CARSON CITY — Primary elections in Nevada could be open to all candidates and voters regardless of party under a new initiative petition submitted last week.
The proposal, which was submitted to the Nevada secretary of state’s office Friday by state Sen. Ben Kieckhefer, R-Reno, would create a blanket primary system for partisan races in which all candidates, regardless of their party affiliation, would appear on the ballot.
The proposal would mean that nonpartisan voters — a bloc that make up more than 22 percent of Nevada’s current active voters and continues to grow while the registration share of the major parties decreases — would be able to participate in partisan primaries without changing their affiliation.
“The simple fact of the matter is that partisan elections are very often decided in the primary. If you aren’t of the party who has the majority in your respective districts, you ultimately get very little to no say in your government and that’s not how the system should work,” Kieckhefer said.
Under the existing law, the top vote-getter in each party’s primary moves on to the general election as is the case in Nevada’s current system. But if a race draws candidates from only one party, the person who gets the most votes in the closed primary is the de facto winner of the general election.
Under Kieckhefer’s proposal, which mirrors the primary systems in Washington and California, top two vote-getters regardless of political party would advance to the general election. That could mean two Republicans or two Democrats could face off in a general election.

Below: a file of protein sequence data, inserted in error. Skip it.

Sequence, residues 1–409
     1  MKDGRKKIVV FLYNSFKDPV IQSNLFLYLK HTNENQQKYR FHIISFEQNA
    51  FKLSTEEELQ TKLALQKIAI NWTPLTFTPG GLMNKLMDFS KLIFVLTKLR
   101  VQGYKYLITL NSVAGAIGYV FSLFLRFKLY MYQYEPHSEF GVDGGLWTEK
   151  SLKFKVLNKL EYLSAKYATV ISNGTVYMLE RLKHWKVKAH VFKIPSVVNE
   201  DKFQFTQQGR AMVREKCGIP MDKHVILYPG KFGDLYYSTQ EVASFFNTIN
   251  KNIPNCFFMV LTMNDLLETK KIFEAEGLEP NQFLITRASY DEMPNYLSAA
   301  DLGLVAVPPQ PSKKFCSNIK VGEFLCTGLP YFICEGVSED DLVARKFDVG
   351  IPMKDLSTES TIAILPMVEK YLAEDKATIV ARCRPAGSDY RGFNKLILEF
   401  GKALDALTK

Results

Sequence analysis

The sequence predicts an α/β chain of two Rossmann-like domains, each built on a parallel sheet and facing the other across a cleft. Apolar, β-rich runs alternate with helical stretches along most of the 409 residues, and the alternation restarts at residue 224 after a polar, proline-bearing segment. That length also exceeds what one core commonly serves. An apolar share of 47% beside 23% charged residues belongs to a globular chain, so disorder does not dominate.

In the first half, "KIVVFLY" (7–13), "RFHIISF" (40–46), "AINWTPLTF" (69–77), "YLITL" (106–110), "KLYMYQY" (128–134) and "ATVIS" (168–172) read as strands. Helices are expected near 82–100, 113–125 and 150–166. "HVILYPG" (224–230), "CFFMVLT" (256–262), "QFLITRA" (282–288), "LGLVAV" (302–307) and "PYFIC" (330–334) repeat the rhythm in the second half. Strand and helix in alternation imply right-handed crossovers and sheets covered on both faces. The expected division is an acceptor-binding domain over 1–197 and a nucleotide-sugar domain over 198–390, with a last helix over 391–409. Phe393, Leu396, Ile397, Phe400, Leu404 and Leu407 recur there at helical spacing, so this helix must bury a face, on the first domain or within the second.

Kieckhefer said the open system appealed to him “because of its simplicity.”
“This treats everyone equally. Right now, minor parties are dealt with separately under separate rules,” he said. “This treats everyone equally because it’s not about political parties. It’s about voters.”
The proposed system would apply to all state constitutional and legislative races, as well as to the elections for the U.S. House of Representatives and U.S. Senate. It would not be utilized for presidential elections, since Nevada is a caucus state.
The petitioners will need to gather 97,598 valid signatures across the state, or 10 percent of the votes cast in the 2018 election. If it qualifies, it would go to the 2021 Legislature. If lawmakers reject it or take no action, the measure will be sent to voters on the 2022 ballot.
This isn’t the first time that the idea has come up in Nevada in recent years.
In 2015, Republicans lawmakers pushed for a bill that sought to open primaries to all voters. But the final version of that bill was quite different, creating the rule that allows a person to win an election in the primary if there are only two candidates from the same party. That change has affected some legislative races and prevented tens of thousands of voters in those districts from having any say in the outcome.
In 2017, Republicans sought a redo on the changes again proposed a bill that would have created a blanket open primary, but that bill never got a vote.
Kieckhefer said part of his proposal is about fixing that issue created by the 2015 legislature
“This is about opening up government to the people of the state, to giving voters more of choice in who represents them in their government,” Kieckhefer said. “And I think that’s a hard proposition to argue with.”